• Load the profile pictures of the user’s friends that they selected.
  • Redraw the canvas every time a batch of 5 friend profile pictures are successfully loaded. As part of this redrawing:
    • Divide the user’s profile picture into 10×10 segments.
      • For each 10×10 segment, get the average RGB value (i.e. add up the RGB values of each pixel, then divide by 10*10).
        • For each friend profile picture currently loaded (or all if loading is complete), compare average RGB value to the RGB value calculated
          in the parent step using a simple distance formula. Store this as the closest if it is.
      • Draw a friend’s profile picture which is the closest in RGB value to the 10×10 block.

That’s it! We considered adding stuff like tinting so that each 10×10 block looked closer to the original, but didn’t have time to do that.

Cross-Origin Resource Sharing

Despite this simplicity, there were some other problems. The main one, which took me almost 4 hours to solve, was caused by CORS (or rather the lack of support for it). CORS stands for “Cross-Origin Resource Sharing”, which is a technology that allows you to bypass a security feature in the DOM which prevents you from copying pixel data from domains other than yours. This is done because otherwise, scripts could grab arbitrary data from other sites while being authenticated as the browser user (since this is not run server-side). As far as I know, this has nothing to do with the WebGL/canvas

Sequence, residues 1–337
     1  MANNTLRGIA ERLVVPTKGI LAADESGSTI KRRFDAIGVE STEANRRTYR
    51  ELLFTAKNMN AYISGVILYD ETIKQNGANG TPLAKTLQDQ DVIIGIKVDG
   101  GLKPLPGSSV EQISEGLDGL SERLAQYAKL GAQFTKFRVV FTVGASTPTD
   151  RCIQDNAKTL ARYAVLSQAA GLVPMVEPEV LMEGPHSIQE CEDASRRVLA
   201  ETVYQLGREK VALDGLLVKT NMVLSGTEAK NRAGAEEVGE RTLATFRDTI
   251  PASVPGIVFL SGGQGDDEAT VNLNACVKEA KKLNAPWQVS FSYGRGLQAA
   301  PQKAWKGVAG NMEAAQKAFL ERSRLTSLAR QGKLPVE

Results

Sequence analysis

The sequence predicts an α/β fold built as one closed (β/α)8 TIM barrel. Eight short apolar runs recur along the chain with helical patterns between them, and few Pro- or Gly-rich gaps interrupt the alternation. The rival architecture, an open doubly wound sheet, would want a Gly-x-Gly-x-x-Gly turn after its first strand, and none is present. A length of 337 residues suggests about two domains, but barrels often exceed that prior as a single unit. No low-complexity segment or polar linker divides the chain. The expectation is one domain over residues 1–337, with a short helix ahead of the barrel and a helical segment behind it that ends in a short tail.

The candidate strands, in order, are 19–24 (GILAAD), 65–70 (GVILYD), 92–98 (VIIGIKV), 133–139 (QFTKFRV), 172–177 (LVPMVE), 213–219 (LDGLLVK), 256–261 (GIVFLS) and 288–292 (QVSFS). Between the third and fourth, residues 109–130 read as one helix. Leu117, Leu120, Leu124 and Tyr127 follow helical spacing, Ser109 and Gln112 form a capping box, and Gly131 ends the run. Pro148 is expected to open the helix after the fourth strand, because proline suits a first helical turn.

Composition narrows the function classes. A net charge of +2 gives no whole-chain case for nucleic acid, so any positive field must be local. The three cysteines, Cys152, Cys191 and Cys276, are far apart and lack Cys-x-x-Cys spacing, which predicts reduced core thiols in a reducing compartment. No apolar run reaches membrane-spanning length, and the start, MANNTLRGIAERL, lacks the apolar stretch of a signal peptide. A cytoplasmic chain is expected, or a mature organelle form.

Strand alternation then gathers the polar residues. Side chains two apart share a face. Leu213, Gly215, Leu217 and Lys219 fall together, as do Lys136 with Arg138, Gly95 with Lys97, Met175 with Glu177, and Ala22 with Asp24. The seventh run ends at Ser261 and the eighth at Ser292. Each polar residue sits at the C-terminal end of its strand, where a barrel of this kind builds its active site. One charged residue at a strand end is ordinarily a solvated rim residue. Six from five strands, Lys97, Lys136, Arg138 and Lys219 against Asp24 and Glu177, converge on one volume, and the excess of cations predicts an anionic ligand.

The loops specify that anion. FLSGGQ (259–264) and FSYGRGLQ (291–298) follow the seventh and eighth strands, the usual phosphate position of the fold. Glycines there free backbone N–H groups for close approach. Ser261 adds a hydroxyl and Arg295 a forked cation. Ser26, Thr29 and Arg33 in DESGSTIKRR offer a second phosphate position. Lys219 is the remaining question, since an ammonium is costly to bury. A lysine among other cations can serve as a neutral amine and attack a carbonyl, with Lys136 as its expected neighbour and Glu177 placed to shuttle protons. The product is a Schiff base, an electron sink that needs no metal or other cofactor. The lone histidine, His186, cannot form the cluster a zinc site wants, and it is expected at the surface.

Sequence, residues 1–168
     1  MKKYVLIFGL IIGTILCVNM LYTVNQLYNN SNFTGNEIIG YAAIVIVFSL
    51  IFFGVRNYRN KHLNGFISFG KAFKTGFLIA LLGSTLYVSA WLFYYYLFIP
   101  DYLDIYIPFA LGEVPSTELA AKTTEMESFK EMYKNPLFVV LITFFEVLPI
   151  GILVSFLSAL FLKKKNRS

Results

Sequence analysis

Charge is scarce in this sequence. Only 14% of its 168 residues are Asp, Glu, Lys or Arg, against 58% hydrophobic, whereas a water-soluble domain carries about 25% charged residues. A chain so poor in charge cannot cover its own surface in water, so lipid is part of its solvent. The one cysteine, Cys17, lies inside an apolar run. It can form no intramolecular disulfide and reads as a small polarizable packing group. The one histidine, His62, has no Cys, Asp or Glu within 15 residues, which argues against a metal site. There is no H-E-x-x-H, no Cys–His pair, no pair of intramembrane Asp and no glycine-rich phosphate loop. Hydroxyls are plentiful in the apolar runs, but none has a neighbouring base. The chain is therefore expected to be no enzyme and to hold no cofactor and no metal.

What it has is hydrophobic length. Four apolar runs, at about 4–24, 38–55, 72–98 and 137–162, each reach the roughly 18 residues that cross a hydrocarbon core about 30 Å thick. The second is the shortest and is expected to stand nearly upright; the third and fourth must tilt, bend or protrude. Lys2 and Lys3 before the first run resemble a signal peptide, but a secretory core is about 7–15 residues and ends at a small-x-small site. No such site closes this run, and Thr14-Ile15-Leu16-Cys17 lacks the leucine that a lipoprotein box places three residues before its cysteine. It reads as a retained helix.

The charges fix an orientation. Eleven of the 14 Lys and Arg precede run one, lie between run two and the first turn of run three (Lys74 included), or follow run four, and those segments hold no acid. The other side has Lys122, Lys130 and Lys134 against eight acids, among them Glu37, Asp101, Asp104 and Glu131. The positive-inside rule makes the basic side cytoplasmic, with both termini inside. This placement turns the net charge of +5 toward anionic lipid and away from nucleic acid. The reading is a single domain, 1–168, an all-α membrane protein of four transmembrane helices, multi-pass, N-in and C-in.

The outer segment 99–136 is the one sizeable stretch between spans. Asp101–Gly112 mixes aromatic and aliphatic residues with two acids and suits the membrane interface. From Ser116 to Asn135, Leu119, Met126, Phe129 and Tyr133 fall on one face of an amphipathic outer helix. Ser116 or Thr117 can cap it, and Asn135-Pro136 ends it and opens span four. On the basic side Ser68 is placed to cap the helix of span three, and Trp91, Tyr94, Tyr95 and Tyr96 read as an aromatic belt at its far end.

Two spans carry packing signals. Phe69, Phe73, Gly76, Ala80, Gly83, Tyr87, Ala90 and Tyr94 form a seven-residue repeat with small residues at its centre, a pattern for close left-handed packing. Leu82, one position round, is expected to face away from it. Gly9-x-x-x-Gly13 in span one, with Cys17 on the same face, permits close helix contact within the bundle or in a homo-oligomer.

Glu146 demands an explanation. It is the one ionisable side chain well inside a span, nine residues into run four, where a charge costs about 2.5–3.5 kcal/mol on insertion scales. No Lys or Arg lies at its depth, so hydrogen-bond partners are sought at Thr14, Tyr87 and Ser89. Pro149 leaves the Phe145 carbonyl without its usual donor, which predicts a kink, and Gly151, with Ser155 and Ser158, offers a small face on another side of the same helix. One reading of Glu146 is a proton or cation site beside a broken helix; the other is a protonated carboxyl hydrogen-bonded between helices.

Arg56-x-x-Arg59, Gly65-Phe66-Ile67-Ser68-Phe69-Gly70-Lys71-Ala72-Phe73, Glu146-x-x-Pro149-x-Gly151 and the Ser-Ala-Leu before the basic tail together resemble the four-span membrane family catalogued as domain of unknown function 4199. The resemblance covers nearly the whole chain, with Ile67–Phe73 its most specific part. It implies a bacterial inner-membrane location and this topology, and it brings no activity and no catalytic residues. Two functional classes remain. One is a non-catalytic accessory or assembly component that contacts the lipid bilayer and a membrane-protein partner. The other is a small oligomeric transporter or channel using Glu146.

uninitialized memory exploit.

I ran into this stuff at Mozilla but never fully understood it. The nature of conformance tests is that they’re run entirely locally, so the errors I ran into there were the same, but were solved in a completely different way. This time I had to fully dig into the issue and figure out what was happening and how to deal with it. I was surprised by how little documentation or support there is on this issue. Maybe there’s just not a lot of people doing cross-origin canvas work.

The basic problem was that I was loading Facebook profile pictures from facebook.com, using instructions provided by friendmozaic.com, then reading the pixel data of these images, but the DOM security features prevented me from doing this. Fortunately, CORS provides a way around this. The basic setup of CORS is the following:

    • Load your image in the following way:Note the crossOrigin parameter.